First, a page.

Getting in Trouble

In her book Writing Fiction, Janet Burroway states that “Only trouble is interesting.”  And I’ve lately been realizing how right she is.  In the book I’m currently revising, I’ve realized that one major issue is the character isn’t in trouble.  He *gets* into trouble, but it takes a little while.  After the huge, page-one problems of the first book, that makes this follow-up sag.  So I’ve been busily making his life much more difficult.

But the thing is, Janet’s maxim is actually much bigger than fiction.  It’s really a statement about human nature.  Bloggers have found that it’s their controversial posts that get the most attention–my most-read post is about sex, violence and George R R Martin.  Why?  ‘Cause it gets a lot of controversy into a few hundred words:  fights about sexual content, recent blow-ups over the Game of Thrones mini-series, the question of violence as entertainment.

And there’s the news.  We hear complaints that the media ignores good news, that they inflate even small stories about distant problems into front-page headlines rather than have an issue where things are doing just fine.   A murder six states away has been a hot topic in my local paper lately.  I read the first article looking for the local connection–there isn’t one.  It’s just an exciting, awful story about people doing bad things to one another.  But I’ve kept reading the series. It has nothing to do with me, but it’s full of conflict, tension, trauma–the stuff that keeps people paying attention, whether in fiction, or in life.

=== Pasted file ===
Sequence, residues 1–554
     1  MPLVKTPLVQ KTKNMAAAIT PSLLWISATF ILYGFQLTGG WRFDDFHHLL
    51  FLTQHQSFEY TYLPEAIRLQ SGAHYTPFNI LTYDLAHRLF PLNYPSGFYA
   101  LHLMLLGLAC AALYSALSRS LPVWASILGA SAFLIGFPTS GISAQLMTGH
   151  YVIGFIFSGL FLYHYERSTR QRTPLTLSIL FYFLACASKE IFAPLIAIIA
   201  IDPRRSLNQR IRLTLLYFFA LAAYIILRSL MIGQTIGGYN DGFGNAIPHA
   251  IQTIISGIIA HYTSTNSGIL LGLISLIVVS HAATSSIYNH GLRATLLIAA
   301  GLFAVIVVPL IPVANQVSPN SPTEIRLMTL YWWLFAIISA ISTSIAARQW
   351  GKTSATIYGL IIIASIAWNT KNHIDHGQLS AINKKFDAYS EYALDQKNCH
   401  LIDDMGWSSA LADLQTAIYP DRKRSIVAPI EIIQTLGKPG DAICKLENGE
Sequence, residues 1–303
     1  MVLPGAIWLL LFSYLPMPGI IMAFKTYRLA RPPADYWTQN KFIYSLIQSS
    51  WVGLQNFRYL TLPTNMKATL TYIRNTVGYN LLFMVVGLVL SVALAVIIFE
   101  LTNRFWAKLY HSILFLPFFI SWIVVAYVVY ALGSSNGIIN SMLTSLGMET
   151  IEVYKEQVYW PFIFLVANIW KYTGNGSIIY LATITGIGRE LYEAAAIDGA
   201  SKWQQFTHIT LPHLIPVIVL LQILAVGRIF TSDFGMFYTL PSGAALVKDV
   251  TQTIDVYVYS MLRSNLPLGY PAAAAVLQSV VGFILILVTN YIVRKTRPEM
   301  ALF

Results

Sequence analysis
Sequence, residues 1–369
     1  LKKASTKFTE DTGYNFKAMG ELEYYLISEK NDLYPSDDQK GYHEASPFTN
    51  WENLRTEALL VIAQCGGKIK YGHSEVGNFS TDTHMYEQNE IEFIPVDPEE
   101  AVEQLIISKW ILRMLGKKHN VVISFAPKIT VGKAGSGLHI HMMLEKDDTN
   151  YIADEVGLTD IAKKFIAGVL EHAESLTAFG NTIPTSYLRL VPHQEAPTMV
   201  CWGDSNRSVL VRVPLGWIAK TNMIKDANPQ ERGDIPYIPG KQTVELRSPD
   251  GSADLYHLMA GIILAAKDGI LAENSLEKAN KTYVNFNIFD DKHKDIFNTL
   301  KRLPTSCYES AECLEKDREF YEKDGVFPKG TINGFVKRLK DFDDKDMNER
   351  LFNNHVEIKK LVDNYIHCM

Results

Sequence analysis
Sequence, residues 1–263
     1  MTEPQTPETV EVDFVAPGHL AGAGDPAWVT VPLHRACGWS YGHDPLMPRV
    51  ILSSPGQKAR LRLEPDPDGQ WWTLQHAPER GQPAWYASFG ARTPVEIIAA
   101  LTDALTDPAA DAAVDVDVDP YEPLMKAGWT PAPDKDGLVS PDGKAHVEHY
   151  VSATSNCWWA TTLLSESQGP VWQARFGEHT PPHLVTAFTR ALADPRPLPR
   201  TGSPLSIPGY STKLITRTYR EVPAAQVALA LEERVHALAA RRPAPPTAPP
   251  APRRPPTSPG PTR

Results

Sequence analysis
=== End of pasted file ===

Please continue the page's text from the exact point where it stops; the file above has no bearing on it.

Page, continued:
Yes, we’ve got trouble, right here in River City.  And, let’s face it, people, we like it that way.

About E. C. Ambrose

I spend as much time in my office as I possibly can--thinking up terrible things to do to people who don't exist.
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